On December 1, 2016, new ICANN rules go into effect that create another step when you change the first name, last name, contact email or organization fields for your domain. Doing any of those things will now trigger the “trade process.” Which means those minor ownership information changes will now be treated the same way a domain transfer is treated.
The domain owner will have to approve those changes in two separate emails. The “current” and “previous” owner (which are usually the same person in the case of most of the changes above) need to approve the change or it will fail.
So, for example, if you update your name or the name of your organization, you’ll have to approve the change in two emails. If you update the email address associated with a domain name, you’ll have to approve that change at both the old and the new email address. That introduces some potential problems if you don’t have access to old and new email addresses, or you miss one of the two notices that go to the same address.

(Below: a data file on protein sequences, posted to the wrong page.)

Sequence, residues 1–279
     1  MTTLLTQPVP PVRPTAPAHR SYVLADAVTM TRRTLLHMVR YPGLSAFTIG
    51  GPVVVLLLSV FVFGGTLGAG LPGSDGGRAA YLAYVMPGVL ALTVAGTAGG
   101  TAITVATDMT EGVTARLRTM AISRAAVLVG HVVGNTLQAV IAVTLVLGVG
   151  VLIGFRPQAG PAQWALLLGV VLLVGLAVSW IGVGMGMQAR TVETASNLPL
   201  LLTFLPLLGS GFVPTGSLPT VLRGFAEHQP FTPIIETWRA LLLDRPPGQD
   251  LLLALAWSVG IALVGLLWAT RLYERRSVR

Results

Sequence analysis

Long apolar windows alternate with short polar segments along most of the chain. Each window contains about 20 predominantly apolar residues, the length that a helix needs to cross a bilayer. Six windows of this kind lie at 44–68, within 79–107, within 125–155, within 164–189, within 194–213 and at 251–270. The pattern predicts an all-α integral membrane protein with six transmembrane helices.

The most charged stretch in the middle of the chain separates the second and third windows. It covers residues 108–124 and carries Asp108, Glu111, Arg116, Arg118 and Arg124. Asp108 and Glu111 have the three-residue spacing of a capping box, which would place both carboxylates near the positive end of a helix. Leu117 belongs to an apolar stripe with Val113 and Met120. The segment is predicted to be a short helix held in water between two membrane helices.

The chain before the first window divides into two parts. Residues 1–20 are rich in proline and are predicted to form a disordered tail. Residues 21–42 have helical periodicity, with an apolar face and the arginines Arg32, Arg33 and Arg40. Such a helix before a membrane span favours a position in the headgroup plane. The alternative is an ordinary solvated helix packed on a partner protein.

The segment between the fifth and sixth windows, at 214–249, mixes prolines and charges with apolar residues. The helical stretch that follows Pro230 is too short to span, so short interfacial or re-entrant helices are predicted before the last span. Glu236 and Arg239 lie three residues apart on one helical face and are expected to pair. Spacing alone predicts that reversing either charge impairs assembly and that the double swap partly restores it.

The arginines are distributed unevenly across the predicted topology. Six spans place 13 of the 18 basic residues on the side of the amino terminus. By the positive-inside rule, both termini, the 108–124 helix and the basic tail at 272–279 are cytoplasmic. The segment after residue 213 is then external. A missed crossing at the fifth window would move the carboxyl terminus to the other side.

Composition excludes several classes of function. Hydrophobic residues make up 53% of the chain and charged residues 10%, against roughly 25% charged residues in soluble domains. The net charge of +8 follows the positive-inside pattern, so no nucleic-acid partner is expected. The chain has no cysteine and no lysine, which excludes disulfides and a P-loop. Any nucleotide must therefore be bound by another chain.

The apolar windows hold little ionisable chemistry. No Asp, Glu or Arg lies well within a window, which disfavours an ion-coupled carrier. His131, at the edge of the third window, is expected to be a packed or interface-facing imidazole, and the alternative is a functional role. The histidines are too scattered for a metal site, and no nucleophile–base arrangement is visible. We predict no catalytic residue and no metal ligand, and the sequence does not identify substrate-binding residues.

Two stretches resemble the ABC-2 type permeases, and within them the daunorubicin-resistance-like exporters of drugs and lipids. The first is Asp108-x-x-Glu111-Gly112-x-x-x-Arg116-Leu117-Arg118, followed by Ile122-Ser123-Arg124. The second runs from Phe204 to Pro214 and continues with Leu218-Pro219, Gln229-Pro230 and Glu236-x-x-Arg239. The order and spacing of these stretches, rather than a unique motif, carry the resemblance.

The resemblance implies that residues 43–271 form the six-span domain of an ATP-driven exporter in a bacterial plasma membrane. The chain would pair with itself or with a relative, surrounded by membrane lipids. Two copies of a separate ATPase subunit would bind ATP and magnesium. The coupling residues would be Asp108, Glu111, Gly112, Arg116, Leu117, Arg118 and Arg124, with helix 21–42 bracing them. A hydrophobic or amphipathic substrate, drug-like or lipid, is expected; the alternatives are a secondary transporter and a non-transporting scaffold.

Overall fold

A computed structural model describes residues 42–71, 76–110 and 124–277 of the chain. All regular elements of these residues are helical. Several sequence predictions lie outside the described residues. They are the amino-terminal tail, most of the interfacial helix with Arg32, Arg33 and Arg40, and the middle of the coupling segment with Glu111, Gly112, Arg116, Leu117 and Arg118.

The changes are taking place due to an ICANN review of the transfer process that began almost a decade ago. There were potential issues with the original transfer policies that made domain hijacking a little too easy, so ICANN began looking at “special provisions” for registrant changes in order to prevent some of those problems.
Which sounds good, but what we’ve ended up with is a process that may make it more difficult to hijack a domain, but have the unintended effect of making a lot of day-to-day domain management tasks more difficult and confusing.
We’re not yet certain exactly how the changes will work for domains registered through DiscountASP.NET or Everleap. But we’ll do what we can to keep the confusion to a minimum, and we’ll give you some details when we know exactly how the changes will affect your domain management processes.